Comments (2)

Hank Dittmar

A towering mess that the government has the power - but not the will - to address

We must act to shape the market or we’ll have a skyscraper glut and still no affordable housing, warns Hank Dittmar

Comments (10)

Leon Krier

Why so many English picnics happen in motorway lay-bys

The people’s exclusion from Arcadia should be a national scandal, says Leon Krier. Instead we seem happy to settle for a handkerchief-size garden

Comments (22)

Gillian Darley index

You've got to laugh or you'd cry

Gillian Darley aims to cheer with her trawl through the funniest architecture in literature

Comments (1)

Amanda Baillieu

Lessons from competitive Paris

London’s next mayor would do well to look across the Channel, says Amanda Baillieu

Comments (5)


What Brexit might mean for architects

It’s hard to separate the facts from the rhetoric, but on balance the profession will probably be best served by the UK remaining in the EU, says BD editor Thomas Lane

Comments (8)

Crispin Kelly

Watch out, planners: You're in the government's crosshairs

Architect-turned-developer Crispin Kelly detects the stamping foot of a crotchety minister demanding, ‘More houses, or else’

Comments (8)

Eleanor Jolliffe

Why no one has a good word to say for the Housing & Planning Bill

The government could learn a lot from the history of urbanism in Paris, London - and China, argues Eleanor Jolliffe

Comments (2)

Leon Krier's proposal for London's new concert hall at the tip of Regent's Park

Just because the Powell & Moya site is available doesn't mean it's the right place for a concert hall

London should think carefully about where to build its newest cultural venue. And Leon Krier’s Regent’s Park proposal beats Boris’s commercial opportunism, says Hank Dittmar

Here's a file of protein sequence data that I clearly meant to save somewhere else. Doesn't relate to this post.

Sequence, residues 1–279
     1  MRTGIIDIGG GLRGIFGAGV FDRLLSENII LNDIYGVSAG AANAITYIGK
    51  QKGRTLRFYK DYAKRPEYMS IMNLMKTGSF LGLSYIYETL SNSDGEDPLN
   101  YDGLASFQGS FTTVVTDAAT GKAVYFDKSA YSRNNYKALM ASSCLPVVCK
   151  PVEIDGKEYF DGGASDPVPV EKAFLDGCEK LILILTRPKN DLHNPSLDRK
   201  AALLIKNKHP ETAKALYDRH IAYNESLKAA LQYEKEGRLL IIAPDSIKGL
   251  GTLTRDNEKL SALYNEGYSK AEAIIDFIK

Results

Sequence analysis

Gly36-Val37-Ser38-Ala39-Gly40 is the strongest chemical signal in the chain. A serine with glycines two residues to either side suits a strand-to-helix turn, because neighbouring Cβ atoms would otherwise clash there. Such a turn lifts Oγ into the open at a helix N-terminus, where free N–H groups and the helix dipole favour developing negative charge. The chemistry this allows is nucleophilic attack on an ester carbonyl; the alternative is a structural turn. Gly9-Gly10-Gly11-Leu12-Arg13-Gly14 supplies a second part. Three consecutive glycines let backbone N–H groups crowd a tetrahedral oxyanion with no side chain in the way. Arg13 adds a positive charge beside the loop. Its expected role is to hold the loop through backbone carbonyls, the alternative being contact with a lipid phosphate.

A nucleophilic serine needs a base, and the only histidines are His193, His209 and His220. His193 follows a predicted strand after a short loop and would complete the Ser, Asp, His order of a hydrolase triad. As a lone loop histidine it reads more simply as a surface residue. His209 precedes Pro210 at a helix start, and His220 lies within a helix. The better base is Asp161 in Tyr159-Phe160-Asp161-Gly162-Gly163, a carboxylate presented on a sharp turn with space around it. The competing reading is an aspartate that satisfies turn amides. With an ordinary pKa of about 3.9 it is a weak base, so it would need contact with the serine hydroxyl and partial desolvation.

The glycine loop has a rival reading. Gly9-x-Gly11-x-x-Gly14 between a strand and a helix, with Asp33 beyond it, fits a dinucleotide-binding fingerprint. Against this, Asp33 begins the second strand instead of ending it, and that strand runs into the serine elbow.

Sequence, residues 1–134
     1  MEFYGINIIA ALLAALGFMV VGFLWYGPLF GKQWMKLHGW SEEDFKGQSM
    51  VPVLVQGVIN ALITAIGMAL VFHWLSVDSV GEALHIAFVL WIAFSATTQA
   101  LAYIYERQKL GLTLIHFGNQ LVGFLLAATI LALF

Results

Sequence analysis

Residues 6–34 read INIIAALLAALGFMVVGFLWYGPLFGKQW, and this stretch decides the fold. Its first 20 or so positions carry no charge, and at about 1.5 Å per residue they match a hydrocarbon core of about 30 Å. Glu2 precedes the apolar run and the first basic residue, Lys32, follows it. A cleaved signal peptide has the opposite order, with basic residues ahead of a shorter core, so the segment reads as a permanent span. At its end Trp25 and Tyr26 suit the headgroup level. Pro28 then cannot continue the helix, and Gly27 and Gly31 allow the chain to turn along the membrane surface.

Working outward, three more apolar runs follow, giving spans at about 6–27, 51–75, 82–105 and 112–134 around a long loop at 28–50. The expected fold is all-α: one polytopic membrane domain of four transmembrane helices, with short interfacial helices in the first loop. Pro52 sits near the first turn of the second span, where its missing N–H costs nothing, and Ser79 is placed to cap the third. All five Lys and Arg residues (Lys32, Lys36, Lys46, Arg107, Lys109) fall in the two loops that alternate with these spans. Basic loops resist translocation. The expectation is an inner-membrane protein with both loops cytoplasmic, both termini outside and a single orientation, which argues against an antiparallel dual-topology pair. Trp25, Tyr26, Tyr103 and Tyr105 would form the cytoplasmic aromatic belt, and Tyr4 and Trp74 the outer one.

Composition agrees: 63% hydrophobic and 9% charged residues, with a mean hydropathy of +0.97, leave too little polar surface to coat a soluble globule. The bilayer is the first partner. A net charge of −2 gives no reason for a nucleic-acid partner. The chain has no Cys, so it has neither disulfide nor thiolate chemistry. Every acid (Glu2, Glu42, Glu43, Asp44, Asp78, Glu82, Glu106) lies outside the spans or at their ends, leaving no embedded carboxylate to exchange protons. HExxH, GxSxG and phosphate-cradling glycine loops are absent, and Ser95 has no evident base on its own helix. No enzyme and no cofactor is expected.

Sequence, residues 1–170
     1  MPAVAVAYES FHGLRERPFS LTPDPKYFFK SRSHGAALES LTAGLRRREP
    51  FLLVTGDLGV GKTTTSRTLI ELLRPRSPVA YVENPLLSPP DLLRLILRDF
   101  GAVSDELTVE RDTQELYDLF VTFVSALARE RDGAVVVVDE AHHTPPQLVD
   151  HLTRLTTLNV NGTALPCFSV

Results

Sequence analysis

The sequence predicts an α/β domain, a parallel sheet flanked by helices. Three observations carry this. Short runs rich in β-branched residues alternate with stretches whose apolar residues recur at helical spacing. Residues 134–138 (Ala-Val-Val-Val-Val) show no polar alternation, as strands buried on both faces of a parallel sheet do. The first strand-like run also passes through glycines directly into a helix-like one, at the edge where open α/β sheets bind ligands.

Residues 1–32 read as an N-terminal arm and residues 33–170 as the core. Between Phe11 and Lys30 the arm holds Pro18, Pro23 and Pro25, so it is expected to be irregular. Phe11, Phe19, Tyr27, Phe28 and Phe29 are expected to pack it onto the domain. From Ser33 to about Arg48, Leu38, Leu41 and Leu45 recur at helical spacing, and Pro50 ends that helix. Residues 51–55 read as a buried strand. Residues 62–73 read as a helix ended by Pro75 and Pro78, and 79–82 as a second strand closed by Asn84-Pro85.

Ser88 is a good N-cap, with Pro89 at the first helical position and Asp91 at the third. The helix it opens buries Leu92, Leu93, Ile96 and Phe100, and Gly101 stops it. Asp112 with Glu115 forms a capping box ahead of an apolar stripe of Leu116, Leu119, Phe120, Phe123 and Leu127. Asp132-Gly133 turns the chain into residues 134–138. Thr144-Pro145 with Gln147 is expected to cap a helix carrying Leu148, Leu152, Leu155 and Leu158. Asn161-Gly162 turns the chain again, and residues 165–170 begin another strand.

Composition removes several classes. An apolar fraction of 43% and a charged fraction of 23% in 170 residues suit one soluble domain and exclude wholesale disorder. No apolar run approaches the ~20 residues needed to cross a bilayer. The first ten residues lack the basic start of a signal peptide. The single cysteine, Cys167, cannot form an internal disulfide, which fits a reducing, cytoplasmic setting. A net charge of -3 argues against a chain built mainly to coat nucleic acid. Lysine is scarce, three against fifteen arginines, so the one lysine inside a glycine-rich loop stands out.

Comments (15)

Ben Derbyshire

Ethical professionalism: Taking advantage of diminishing state intervention

As the RIBA begins its hunt for a new chief executive, Ben Derbyshire assesses the future of the profession at a critical point in its history

Comments (1)

Julia Park, head of housing research at Levitt Bernstein

Why the Starter Homes Programme is a non-starter

Discounted starter homes could distort the market and make it difficult for first time buyers to sell on says Julia Park.

Comments (26)

Derek Sugden

Derek Sugden: The architecture of music

Mark Swenarton pays tribute to the late Derek Sugden, the celebrated accoustician and Arup Associates founding partner responsible for the accoustics of Snape Maltings, Glyndebourne and other concert halls

Comments (4)

Gillian Darley index

No room for sheltered housing in the new look East London

Gillian Darley says Sainsbury’s proposed Whitechapel development which towers over a grade I listed almshouse is a metaphor for the loss of East London’s traditional urban fabric

Comments (1)

Amanda Baillieu

Can't get no satisfaction from Instagram architecture